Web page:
Nightmares and Night Terrors Part 1




As a sleep consultant, I occasionally work with children that have nightmares and night terrors.  Parents often don’t understand the difference and don’t know how to deal with them.  I would like to give you a good idea of what they are, and the difference between nightmares and night terrors so you can better understand and help your child if they should occur.

Nightmares are dreams children have with disturbing content. Many children have nightmares as their imaginations develop.  It may be a way of processing their thoughts and feelings about things going on in their lives that create worry or anxiety. They can occur due to a major event or life changes like starting school, parents separated, a new sibling, an accident or a death in the family.  Something that would be very stressful to a young child or something that is going on in the child’s life that would be fearful. This generally happens to an older child of 3 years and beyond but can still happen to younger children.  A nightmare takes place when a child is in REM sleep and it generally happens during the second half of their night’s sleep or right before early morning waking.   The child will wake immediately and can remember what they experienced in the dream.  They are often very afraid and upset.  They need comfort and reassurance from a parent when this happens.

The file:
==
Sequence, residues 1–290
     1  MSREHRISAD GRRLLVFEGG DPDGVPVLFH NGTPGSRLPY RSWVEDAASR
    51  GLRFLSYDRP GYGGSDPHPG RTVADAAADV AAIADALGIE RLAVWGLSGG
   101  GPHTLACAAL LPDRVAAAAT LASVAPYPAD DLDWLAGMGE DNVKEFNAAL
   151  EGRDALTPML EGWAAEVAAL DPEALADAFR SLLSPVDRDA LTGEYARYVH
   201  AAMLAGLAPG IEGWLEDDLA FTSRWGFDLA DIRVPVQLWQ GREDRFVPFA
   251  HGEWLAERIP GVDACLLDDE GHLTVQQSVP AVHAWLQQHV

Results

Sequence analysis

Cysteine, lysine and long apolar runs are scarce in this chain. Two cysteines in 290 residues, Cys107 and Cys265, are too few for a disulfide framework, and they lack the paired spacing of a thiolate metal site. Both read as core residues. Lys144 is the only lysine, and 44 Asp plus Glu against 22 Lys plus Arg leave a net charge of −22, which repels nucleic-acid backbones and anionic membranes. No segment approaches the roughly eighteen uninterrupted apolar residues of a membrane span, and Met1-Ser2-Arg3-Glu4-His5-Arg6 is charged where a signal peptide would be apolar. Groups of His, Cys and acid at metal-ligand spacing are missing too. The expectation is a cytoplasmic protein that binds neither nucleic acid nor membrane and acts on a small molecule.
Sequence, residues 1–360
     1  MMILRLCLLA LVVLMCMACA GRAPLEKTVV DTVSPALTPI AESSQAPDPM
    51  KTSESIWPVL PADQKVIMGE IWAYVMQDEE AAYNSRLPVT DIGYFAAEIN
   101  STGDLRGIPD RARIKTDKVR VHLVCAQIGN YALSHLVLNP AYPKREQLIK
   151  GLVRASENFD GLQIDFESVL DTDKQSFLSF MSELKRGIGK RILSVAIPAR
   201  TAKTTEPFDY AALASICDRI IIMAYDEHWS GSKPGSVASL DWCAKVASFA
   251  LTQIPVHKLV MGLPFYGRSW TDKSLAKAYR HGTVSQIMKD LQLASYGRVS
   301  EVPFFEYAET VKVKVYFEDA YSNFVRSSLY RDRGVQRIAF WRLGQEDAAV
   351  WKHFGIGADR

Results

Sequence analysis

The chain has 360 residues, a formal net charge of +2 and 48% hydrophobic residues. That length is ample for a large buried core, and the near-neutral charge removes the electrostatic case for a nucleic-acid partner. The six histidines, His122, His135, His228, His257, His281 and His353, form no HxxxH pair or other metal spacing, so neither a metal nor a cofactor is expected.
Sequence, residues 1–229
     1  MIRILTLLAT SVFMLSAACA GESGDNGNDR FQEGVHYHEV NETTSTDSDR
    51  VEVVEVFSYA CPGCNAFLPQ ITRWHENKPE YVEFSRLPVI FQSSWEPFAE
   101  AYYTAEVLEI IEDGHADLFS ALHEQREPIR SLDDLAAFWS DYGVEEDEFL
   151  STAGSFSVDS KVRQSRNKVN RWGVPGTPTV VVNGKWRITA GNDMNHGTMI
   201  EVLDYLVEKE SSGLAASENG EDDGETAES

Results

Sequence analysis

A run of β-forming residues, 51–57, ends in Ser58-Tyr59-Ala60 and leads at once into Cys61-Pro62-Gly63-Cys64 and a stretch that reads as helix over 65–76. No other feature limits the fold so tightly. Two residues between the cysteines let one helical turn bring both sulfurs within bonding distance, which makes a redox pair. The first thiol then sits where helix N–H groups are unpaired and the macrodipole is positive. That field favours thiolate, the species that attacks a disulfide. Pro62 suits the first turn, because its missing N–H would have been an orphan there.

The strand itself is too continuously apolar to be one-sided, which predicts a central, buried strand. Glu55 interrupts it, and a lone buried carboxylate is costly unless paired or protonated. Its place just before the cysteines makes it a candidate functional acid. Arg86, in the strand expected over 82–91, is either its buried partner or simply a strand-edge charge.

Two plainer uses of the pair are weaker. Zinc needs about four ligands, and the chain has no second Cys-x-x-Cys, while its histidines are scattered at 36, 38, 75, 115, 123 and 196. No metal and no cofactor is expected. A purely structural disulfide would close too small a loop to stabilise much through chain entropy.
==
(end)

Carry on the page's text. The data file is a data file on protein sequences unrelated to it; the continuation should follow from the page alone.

Here are some things parents can do to help:

  1. Make sure your child is getting enough sleep. This is often the cause and can be easily fixed by an earlier bedtime or longer naps.
  2. Eliminate any scary stories, including television, video’s and books especially before bedtime.
  3. Make sure there is a night light in the room, preferably a red night light so it doesn’t interfere with melatonin production.
  4. Give your child a sleep buddy or lovey if she doesn’t already have one that can comfort her in the middle of the night if she wakes and you’re not there.
  5. When she does have a nightmare go to her and comfort and console her till she calms down. Remind her you are close by.
  6. Remind her it was only a dream and not real. Talk about it briefly if your child is verbal enough and give her reassurances. Just make sure you let her initiate it and tell you what she is afraid of in her dream.  You don’t want to put unnecessary thoughts into her head.  The next morning may be a better time to discuss her nightmare in detail.


Nightmares are most common among 3 to 6 years old’s as they are developing their independence.  It should not occur very often or there could be some underlying emotional issues that may need to be worked through. Some children may need help extra help by seeing a counselor to alleviate extreme stress and process their emotions.

Read part 2 next week about night terrors.


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